Mattel has launched a black Barbie in a wheelchair – and people love it
Fans are celebrating the message of diversity this new doll brings
Earlier this year, Mattel announced its 2019 Barbie collection to much acclaim. The new figurines, which includes the first Barbie in a wheelchair and with a prosthetic leg, aims to offer children a more diverse representation of beauty – far beyond that of the slender, leggy, blue-eyed blonde we're used to seeing.
Now, a new doll has been released in the US: a black Barbie with natural hair, also in a wheelchair. And the response has been overwhelmingly positive.
"Welcome to this new Barbie, who will represent so many beautiful girls!" wrote one Twitter user.
"I can't even begin to express how happy I am that more and more young girls are growing up seeing themselves in Barbie," wrote another.
"There isn't merely a Barbie in a wheelchair. There is a black Barbie in a wheelchair. I repeat, sis is black!" added another.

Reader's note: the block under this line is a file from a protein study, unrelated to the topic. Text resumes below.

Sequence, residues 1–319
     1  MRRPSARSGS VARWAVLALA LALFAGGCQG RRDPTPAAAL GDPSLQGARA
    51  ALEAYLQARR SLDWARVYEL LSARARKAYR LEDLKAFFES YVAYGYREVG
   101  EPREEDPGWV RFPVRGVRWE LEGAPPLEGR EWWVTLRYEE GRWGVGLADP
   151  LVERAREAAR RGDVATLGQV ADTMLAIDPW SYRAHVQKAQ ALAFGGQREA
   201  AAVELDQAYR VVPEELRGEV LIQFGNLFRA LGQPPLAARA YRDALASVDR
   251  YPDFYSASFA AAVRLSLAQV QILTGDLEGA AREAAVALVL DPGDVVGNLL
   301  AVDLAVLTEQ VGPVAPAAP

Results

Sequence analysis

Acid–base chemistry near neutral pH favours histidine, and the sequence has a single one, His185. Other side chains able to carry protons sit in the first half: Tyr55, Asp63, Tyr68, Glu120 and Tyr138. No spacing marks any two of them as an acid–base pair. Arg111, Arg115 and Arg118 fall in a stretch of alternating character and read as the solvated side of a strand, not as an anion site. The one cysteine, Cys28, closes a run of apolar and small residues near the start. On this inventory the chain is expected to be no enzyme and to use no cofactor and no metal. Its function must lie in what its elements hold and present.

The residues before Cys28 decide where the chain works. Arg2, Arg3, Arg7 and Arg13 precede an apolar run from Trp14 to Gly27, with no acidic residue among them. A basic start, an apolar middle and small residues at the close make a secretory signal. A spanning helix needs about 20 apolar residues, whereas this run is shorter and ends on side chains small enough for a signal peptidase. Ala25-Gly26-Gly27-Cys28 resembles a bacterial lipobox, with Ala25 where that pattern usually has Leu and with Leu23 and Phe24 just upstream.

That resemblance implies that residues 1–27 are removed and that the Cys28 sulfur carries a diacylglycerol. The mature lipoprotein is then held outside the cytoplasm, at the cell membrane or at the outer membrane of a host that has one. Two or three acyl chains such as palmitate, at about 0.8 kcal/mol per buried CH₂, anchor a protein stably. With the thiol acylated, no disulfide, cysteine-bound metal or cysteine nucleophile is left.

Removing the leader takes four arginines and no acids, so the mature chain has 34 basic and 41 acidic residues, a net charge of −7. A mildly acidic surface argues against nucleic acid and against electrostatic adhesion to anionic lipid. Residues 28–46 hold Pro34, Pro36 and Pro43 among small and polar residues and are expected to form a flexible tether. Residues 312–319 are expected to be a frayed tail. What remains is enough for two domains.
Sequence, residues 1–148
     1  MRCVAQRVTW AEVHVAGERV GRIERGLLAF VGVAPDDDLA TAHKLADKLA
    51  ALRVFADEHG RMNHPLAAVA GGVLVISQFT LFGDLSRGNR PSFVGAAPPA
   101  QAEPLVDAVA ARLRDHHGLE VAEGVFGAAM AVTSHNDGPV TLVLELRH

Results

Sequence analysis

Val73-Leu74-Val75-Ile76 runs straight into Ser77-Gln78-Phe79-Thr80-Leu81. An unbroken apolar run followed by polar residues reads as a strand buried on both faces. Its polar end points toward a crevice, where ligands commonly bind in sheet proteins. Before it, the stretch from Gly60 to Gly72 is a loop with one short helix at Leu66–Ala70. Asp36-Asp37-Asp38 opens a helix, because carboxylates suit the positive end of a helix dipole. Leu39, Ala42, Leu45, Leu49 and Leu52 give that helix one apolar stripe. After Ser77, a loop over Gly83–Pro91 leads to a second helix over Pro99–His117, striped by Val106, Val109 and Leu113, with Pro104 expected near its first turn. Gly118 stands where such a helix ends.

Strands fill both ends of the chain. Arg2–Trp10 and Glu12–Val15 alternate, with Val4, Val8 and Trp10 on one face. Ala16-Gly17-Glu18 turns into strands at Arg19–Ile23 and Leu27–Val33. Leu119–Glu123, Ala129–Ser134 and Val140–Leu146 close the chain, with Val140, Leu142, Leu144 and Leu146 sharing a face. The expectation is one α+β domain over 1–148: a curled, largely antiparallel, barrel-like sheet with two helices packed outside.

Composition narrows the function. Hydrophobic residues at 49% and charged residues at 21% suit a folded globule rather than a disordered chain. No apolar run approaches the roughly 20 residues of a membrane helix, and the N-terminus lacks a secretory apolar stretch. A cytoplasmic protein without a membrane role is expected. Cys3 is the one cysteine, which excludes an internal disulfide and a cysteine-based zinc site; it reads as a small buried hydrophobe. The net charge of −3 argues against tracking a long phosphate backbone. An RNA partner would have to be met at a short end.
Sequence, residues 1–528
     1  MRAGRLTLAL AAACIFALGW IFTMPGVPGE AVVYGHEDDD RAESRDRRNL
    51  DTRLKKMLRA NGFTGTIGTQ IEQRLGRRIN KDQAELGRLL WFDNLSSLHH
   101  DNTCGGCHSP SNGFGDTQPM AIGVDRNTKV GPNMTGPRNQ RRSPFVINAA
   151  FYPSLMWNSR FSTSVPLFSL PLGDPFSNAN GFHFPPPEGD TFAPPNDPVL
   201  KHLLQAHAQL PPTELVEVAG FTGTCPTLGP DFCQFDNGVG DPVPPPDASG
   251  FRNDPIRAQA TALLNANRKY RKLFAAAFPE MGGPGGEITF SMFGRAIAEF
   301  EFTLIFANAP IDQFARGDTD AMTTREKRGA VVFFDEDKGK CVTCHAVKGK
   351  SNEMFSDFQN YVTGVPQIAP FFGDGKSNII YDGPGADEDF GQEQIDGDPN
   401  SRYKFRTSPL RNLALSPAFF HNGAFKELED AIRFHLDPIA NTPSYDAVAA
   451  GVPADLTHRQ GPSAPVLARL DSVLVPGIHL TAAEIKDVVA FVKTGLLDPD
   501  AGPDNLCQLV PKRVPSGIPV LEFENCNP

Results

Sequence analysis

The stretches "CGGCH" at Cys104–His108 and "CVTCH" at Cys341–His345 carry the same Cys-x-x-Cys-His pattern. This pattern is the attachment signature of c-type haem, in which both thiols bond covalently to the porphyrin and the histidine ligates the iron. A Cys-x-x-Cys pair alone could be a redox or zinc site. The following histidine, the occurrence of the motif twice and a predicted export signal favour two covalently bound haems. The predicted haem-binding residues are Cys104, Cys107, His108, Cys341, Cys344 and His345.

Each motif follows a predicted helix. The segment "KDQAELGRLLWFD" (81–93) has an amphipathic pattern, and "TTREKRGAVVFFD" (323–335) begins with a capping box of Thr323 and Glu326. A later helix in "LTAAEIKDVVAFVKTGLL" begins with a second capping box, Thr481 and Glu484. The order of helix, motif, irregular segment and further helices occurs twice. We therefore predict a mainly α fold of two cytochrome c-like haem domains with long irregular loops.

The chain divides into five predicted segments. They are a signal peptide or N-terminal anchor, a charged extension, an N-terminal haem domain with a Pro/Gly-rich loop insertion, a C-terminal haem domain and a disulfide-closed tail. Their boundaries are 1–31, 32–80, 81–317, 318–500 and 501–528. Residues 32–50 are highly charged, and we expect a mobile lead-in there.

Changing the conversation
"As a brand, we can elevate the conversation around physical disabilities by including them in our fashion doll line to further showcase a multi-dimensional view of beauty and fashion," Mattel said in a statement when it revealed plans for the Barbie Fashionistas line, which debuted this month.
The American toy company collaborated with UCLA Mattel Children's Hospital and other experts to create a realistic wheelchair, which it says is one of the most requested accessories from Barbie fans. A ramp that can be affixed to the Barbie DreamHouse has also been released.
Interestingly, another (white) doll called Becky, who was Barbie's friend and came with a wheelchair, was released in 1997, but it was later discontinued as it didn't fit into the DreamHouse. "I'm super glad they have another Barbie in a wheelchair, and she's black to boot," another Twitter user chipped in. "Becky was my favorite to play with and this brings back nice memories. I bet this new doll will be someone's favorite too!"
Mattel also worked with Jordan Reeves, a 13-year-old disability activist who was born without a left forearm, to create another doll with a prosthetic limb, which can be removed for a "more realistic" play experience.
It comes as part of an effort by the company to portray more diversity through its dolls by also offering a wider range of skin shades, eye colours, hairstyles and body types. This all follows the introduction of the first hijab-wearing Barbie in 2017.
Updated: June 30, 2019 03:00 PM